Will antibiotics harm my son? And how can I stop my ears hurting when I'm on a plane?

Acne drug worry

Q. My 17-year-old son has severe acne and has been prescribed oxytetracycline. I worry about the long-term use of antibiotics on his immune system. Will he have to take them for the duration of his condition, which could be years?

Acne drug worry

Q. My 17-year-old son has severe acne and has been prescribed oxytetracycline. I worry about the long-term use of antibiotics on his immune system. Will he have to take them for the duration of his condition, which could be years?

A. Many people worry about the effects of taking antibiotics on the immune system. The truth is that antibiotics do not have any detrimental effect on the immune system. The bacteria that the antibiotics are meant to kill can become resistant to the antibiotics, but this affects the bacteria, not the human taking the antibiotics. Widespread use of antibiotics has led to resistant bacteria. But there is not the slightest evidence that antibiotics have any effect on the immune systems of human beings. There is a good chance that if your son takes antibiotics for about six months his acne will remain dormant for much longer than that. If it does recur, he may have to take another course. As he is 17, his acne should improve anyway within the next few years.

Flying pain

Q. I suffer from pain and temporary loss of hearing when flying (only on the loss of altitude associated with landing). I have heard that there is product that fits into the ears that cures this. Could these pose a danger (for example, if I have a perforated ear drum) or are they safe for all users?

A. The pain and hearing loss that you get when the aeroplane is descending is caused by your ear's inability to equalize the pressure on both sides of the ear-drum. Behind the ear-drum is a tiny space called the middle ear. The air pressure within the middle ear is usually the same as the air pressure on the outside of the ear-drum. When an aeroplane is cruising at 37,000 feet, air pressure in the cabin is equivalent to that at an altitude of about 5,000-8,000 feet above sea level. As the aircraft ascends and pressure within the cabin goes down, air has to escape from the middle ear through the eustachian tube (a narrow tube that connects the middle ear to the back of the throat). As the aircraft descends, air must be allowed to flow back into the middle ear. If the eustachian tube is blocked, air cannot move in and out, and the pressure inside the middle ear ends up lower or higher than the pressure on the outside of the ear. The eardrum is very sensitive to these pressure changes, and the result of unequal pressure is pain and a feeling that the ear is blocked. Usually this can be cleared by yawning, swallowing or chewing. These all cause the eustachian tube to open, which balances the pressure within the middle ear.

The device that you are referring to is a small ear plug. It contains a valve that prevents rapid pressure changes. Its manufacturers claim that it helps to reduce discomfort associated with air travel. I cannot find any published evidence that they are effective, although I have seen anecdotal reports that some people find them helpful. If you think you have a perforated ear drum, you would be unwise to insert anything into your ear canal without letting a doctor examine your ear first.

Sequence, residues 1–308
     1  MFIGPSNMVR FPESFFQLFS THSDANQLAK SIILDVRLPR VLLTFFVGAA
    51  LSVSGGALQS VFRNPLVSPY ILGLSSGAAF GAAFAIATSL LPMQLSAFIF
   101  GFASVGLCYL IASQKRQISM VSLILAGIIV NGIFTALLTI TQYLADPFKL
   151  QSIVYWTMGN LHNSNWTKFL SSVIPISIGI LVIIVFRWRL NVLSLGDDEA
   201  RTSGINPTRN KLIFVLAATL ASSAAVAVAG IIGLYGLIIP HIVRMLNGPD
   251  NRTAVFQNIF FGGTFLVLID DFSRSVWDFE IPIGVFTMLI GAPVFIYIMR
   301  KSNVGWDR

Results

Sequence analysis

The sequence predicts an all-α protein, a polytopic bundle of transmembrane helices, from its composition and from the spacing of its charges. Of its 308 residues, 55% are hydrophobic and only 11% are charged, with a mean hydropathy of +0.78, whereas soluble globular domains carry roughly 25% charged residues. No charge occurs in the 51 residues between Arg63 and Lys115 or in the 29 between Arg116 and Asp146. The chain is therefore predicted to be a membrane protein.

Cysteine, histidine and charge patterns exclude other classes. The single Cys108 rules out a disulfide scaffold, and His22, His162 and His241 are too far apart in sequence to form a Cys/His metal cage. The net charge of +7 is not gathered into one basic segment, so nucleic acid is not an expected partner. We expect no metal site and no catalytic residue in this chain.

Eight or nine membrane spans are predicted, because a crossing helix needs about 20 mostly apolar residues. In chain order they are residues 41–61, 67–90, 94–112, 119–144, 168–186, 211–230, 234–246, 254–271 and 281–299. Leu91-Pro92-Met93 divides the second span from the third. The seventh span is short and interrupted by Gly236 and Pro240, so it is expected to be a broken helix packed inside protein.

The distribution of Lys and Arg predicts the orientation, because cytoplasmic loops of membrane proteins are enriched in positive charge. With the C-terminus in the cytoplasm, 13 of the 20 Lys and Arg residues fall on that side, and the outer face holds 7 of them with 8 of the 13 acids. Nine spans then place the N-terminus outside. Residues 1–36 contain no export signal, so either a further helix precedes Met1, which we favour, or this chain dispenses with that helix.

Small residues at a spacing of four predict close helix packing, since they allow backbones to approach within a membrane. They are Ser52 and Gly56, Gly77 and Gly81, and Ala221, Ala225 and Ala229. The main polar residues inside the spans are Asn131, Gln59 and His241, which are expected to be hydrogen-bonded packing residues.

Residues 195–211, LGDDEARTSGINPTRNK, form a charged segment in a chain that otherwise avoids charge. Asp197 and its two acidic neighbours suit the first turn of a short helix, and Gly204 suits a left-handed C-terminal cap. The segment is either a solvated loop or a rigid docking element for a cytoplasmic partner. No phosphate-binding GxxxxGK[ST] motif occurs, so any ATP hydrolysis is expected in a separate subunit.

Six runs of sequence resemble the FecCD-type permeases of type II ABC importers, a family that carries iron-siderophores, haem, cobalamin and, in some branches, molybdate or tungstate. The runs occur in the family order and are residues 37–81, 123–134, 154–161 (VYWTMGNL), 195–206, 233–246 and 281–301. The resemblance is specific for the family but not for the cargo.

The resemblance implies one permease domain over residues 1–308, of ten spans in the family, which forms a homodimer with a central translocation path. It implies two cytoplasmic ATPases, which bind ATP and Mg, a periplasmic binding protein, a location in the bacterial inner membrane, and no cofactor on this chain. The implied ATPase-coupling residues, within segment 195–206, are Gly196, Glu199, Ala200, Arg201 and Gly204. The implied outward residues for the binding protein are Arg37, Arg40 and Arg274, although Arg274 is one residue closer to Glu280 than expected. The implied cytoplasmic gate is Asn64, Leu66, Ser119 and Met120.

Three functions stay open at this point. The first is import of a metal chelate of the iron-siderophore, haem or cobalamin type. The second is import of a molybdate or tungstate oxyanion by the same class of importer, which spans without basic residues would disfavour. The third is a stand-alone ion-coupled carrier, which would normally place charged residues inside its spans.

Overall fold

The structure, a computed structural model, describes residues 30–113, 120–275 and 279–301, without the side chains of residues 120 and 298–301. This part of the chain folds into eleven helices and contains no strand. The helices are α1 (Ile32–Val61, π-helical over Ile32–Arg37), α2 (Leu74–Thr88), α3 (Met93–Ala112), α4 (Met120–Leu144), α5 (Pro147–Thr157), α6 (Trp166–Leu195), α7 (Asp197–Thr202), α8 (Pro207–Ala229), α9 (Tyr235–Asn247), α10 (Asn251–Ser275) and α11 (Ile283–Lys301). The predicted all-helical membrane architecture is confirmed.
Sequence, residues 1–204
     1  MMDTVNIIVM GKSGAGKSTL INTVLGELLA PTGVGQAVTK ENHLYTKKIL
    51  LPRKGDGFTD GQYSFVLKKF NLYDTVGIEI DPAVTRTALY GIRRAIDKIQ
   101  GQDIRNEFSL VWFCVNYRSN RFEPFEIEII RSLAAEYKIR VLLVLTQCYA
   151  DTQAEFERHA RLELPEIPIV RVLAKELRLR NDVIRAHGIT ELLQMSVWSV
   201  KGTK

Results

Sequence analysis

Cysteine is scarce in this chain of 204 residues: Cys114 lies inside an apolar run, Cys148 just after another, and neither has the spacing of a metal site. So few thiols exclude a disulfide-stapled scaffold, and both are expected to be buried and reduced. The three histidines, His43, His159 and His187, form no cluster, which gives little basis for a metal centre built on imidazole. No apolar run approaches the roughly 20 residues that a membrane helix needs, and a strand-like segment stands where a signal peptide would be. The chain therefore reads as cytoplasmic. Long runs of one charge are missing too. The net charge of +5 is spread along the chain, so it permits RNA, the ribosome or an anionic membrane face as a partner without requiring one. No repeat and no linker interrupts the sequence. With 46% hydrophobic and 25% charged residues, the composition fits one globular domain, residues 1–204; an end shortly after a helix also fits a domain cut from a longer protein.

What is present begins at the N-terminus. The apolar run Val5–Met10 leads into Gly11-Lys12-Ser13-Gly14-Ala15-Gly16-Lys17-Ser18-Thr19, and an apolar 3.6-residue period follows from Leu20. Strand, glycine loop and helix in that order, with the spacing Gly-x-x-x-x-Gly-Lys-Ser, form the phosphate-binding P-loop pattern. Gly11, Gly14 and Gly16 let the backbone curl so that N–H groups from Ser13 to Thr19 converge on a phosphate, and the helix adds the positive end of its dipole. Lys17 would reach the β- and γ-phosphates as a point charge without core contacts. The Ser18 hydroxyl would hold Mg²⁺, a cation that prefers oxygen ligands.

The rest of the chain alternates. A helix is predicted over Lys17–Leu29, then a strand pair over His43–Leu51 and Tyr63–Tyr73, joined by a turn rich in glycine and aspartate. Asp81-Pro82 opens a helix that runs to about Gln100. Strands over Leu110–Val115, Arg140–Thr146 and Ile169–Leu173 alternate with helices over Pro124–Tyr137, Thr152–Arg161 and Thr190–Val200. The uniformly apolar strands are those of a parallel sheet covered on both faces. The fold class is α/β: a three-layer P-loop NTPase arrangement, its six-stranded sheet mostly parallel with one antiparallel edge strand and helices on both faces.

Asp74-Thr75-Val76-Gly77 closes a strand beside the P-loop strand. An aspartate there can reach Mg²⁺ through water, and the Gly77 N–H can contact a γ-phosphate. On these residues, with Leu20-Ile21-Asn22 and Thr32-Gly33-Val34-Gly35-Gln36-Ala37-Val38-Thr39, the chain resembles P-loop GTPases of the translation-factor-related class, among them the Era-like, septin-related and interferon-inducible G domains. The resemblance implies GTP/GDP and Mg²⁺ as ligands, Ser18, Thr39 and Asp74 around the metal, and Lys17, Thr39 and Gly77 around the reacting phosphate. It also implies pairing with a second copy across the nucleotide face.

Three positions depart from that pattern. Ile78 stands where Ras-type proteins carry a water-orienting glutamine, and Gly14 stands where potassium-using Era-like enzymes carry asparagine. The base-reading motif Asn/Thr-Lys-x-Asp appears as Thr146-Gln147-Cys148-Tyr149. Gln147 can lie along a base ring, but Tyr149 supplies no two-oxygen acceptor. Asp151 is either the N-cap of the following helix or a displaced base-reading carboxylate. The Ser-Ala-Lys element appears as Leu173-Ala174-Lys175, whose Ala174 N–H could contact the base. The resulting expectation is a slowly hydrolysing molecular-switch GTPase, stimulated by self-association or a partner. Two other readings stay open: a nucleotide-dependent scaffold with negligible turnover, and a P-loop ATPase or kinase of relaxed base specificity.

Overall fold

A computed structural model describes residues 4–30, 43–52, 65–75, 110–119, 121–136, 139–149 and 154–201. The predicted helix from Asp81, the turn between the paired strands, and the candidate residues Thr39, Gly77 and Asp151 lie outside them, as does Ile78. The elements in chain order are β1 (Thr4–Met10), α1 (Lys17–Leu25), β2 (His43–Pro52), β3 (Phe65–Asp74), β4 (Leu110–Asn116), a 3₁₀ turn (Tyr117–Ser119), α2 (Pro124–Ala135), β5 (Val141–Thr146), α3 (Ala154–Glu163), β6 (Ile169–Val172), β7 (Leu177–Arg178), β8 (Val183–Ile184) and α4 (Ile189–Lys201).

Worn hip joint

Q. I am 49. A recent X-ray showed lessening of the cartilage in my left hip. How long have I got and will glucosamine sulphate help?

A. Both surfaces of the hip joint - the ball and the socket - are lined with cartilage, which helps to prevent the bones from grating against each other. In arthritic hips the cartilage becomes thin and ragged. This type of arthritis is called osteoarthritis. If an X-ray shows that the cartilage in your left hip is narrowed, this may be the cause of pain and stiffness. But there are other causes of hip pain, apart from osteoarthritis, such as muscle and ligament strains. Unfortunately, X-ray changes are a poor predictor of symptoms. Some people with appalling-looking X-rays have hardly any symptoms. Others who have X-rays with relatively minor changes can have terrible symptoms. If you are getting joint pains now, at the age of 49, you will probably find that they get worse as you get older. Virtually everyone has some degree of osteoarthritis by the age of 60-70. It is impossible to predict how fast this will progress, or if it will progress at all. Glucosamine may help to reduce pain and improve joint function. It may even prevent the progression of this type of arthritis.

Have your say: readers write

SD suffers from "altitude sickness" at sea level:

I identify with all the symptoms in the question about altitude sickness. I too have led a very active life which included climbing, fell-running, sailing etc. Nearly every morning after a day in the "great outdoors" I would awake feeling like I'd had a skinful the night before, whether or not I had touched a drop of alcohol. This feeling persisted even at times when I was at levels nowhere near the required heights for acute mountain sickness to start kicking in. Just like your correspondent, I put this down to dehydration. But no matter how much water I drink, the morning-after symptoms persist. Any advice on how to prevent this would be gratefully received.

Send your questions and suggestions to A Question of Health, 'The Independent', Independent House, 191 Marsh Wall, London E14 9RS; fax: 020-7005 2182; or e-mail: health@independent.co.uk. Dr Kavalier regrets that he is unable to respond personally to questions